Improving Recruitment and Outreach Efforts in High-Demand Industries

Although the state has several job training programs, construction industry representatives argued this week that workforce outreach and recruitment efforts need an extra push. SB 5713 would address this, they argue, by expanding skilled worker training programs, and attracting more people into high-demand jobs. Photo: Washington State Department of Transportation.

Washington currently has a variety of job training programs to align residents to fill industry needs, but several business advocates say the state falls short on one piece of that formula: recruitment and outreach. Construction sector representatives testified this week in front of the Senate Higher Education Committee that SB 5713 would improve employer efforts to close skilled workforce gaps by getting more people in the door.

The bill would create the Skilled Worker Outreach, Recruitment, and Key Training program, which would award matched private-public grants to bolster the state’s skilled workforce through business and industry partnerships. Applicants for the grant must either have a skilled worker training program, or are developing one. Also, they would be required to detail how the grant will help recruit employees into these programs and meet industry needs or workforce gaps.

Prime sponsor is Ranking Minority Member State Sen. Guy Palumbo (D-1), with cosponsorship from State Sens. Lynda Wilson (R-17), Curtis King (R-14), and Hans Zeiger (R-25).

Palumbo told panel members that the bill “essentially provides an opportunity for our employers to go out and get these kids into these fields by training them on the job…like a pre-apprenticeship program.”

Addressing Worker Shortages

A 2016 national survey by the Associated General Contractors of America found that 69 percent of the 1,459 surveyed construction firms indicated they have difficulty filling hourly craft jobs. For Washington firms, this figure was 70 percent.

These jobs range from pipe layers, carpenters, superintendents, concrete workers, truck drivers, labors, and equipment operators, according to Nancy Monro. She is Executive Manager for MidMountain Contractors, a Kirkland-based company specializing in civil utility and roadway construction projects.

On Tuesday, February 14, Palumbo told the committee that early integration within the state’s high schools is key to preparing students for jobs in high-demand fields.

He added, “Some of the most powerful things we can do…is to actually have them touch it, feel it, smell it, when they are younger…whether they show up at Amazon or somewhere doing an internship, or in this case maybe trades. That’s what gets them excited, and it becomes a tangible career path.”

Raising Awareness For Industry Jobs

According to construction industry leaders like Monro, that kind of momentum is what has been lacking for filling jobs. She said that “in the construction industry, we have a worker shortage and a very difficult time attracting and retaining people to the industry,” whose workers “build and improve the communities” where “we live and work.”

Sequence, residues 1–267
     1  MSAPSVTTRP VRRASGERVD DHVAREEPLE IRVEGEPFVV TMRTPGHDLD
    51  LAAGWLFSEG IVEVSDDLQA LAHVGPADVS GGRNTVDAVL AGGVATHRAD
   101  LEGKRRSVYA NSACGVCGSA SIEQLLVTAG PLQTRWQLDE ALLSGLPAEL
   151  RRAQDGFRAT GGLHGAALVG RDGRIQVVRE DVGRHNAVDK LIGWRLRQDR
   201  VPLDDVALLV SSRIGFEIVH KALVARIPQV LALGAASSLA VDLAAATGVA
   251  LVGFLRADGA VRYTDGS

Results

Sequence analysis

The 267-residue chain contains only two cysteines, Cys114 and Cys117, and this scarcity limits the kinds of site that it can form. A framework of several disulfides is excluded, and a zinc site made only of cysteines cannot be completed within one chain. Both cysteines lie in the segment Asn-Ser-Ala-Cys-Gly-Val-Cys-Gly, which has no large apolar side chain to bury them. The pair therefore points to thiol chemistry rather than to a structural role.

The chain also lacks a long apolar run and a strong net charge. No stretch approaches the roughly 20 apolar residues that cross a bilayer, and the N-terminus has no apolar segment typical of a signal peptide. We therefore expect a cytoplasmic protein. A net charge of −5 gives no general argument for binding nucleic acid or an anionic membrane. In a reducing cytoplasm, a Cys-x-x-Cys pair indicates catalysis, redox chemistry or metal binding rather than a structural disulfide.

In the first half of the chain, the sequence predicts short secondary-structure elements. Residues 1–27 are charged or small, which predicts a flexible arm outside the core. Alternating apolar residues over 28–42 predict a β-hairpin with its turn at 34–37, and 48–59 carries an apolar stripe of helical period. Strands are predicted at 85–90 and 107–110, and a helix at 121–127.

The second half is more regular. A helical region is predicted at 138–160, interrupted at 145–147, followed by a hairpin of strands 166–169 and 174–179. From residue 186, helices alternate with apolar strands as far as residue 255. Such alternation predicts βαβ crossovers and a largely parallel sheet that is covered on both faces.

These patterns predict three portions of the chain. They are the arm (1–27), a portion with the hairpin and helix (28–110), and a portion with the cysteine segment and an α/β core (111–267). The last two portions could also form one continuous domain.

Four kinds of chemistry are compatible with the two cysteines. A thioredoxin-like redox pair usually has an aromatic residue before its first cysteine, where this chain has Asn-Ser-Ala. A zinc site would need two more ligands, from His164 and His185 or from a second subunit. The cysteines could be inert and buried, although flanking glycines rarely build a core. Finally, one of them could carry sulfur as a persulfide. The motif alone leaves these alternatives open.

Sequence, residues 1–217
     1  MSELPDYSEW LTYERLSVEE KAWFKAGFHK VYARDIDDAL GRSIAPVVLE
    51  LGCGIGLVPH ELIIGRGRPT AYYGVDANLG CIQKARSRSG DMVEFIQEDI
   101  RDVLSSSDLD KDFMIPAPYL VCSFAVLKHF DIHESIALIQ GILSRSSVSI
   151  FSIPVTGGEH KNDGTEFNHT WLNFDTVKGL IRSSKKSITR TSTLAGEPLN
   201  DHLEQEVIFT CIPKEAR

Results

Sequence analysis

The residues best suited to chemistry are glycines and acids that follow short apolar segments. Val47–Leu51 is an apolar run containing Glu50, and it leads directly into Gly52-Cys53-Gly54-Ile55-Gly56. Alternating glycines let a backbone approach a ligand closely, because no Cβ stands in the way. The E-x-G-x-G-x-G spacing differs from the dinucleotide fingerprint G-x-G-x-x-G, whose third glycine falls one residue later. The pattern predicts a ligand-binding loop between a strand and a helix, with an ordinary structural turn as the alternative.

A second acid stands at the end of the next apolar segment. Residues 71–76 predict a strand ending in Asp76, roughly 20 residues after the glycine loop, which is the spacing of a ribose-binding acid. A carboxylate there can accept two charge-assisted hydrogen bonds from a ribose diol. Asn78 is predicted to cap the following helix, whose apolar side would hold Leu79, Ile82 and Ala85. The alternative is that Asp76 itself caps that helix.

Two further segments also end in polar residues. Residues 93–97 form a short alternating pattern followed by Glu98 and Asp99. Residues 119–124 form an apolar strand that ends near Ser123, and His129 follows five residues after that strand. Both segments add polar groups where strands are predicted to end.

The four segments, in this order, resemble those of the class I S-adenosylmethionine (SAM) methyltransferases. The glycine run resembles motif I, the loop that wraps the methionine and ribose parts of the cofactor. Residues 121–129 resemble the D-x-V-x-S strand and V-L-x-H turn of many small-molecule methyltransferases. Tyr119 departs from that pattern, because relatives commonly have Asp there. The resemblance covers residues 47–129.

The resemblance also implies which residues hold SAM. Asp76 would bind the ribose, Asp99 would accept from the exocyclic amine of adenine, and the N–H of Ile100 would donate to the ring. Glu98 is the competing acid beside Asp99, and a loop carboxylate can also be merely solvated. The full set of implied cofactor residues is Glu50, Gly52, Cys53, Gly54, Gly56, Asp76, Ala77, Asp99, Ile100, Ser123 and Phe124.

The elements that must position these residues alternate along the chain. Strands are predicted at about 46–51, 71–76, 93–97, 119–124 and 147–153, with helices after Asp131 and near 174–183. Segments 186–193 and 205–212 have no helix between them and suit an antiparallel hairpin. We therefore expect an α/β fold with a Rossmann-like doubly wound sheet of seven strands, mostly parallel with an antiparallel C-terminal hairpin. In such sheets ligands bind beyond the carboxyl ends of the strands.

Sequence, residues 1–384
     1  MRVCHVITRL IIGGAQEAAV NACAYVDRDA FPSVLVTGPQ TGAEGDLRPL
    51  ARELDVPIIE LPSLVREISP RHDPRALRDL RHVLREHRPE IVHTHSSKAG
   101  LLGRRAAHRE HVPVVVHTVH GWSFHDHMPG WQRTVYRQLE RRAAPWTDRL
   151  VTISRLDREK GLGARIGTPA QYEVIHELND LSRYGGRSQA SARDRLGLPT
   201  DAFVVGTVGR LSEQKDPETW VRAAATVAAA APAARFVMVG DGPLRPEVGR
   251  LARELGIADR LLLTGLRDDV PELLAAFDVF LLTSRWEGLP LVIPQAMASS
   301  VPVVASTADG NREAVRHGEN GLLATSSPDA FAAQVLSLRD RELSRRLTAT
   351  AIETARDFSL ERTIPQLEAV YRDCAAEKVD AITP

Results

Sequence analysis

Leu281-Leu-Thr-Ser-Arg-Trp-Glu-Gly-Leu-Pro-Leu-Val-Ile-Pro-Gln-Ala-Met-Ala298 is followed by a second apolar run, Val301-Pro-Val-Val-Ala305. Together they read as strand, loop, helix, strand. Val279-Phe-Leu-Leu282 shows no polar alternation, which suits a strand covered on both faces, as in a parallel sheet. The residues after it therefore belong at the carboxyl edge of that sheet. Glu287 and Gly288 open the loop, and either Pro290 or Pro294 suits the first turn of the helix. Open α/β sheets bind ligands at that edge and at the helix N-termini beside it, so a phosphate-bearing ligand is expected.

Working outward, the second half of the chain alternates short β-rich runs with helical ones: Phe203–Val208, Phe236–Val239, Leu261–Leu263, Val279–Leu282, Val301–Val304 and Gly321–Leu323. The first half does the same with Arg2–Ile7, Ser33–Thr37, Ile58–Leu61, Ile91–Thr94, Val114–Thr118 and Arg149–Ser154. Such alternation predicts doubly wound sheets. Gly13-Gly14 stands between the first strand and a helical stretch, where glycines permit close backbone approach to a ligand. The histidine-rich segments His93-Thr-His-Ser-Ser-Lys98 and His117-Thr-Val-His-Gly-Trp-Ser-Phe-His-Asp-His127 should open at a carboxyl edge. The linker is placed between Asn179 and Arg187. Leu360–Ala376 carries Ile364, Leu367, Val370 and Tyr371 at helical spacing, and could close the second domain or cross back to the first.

Monro added that, with this bill, “industry has stepped up to the plate to create these opportunities, and is asking the legislature to create a grant program that will help raise awareness among young people currently stuck in minimum-wage jobs.”

Peter Guzman, Policy Associate of Workforce Education for the State Board for Community and Technical Colleges (SBCTC) argued the bill would replicate similar efforts under the board’s Job Skills Program.

That program provides new and existing employee training in response to technological or economic changes in industries including commerce, trade, or manufacturing, to prevent job loss.

Guzman told panel members that “over the past 30 years” the program “has proven to be successful, accessible, and responsive to industry needs by providing short-term job-specific training for new and incumbent workers in our growth industry sectors.”

He recommended amendments that emphasize “more of an outreach, recruitment, and awareness training, and not so much a skilled worker training program.”

‘Large-Scale’ Recruitment

David D’Hondt, Executive Vice President of the Associated General Contractors of Washington disagreed saying, “It’s not a duplication. What’s not being done right now is actually the recruitment and outreach to get folks” into these industries “in a large-scale way.”

According to D’Hondt, Palumbo’s measure mirrors 2015 Colorado legislation which established a grant program to respond to worker shortages. With the program’s funding, the state established a four-week apprenticeship program, where graduates were greeted by open shop and union contractors looking to hire them upon graduation.

D’Hondt said Washington’s version would allow for an improved construction awareness website, and increased collaboration with technical colleges across the state to help state residents find industry jobs.

Terry Tilton, Community Relations Pacific Northwest Regional Council of Carpenters, suggested adding a few technical amendments to expand the measure’s effectiveness.

One would specify that the bill’s outreach effort would combine with the state’s existing pre-apprenticeship and apprenticeship programs.  Another would add “labor and management training programs” to the bill’s section on coordination efforts.

What’s really successful is using those programs together, according Tilton. “We’ve got a system in place for pre-apprenticeship and apprenticeship” programs, “and we’d like to add some more language to that,” she added.

 

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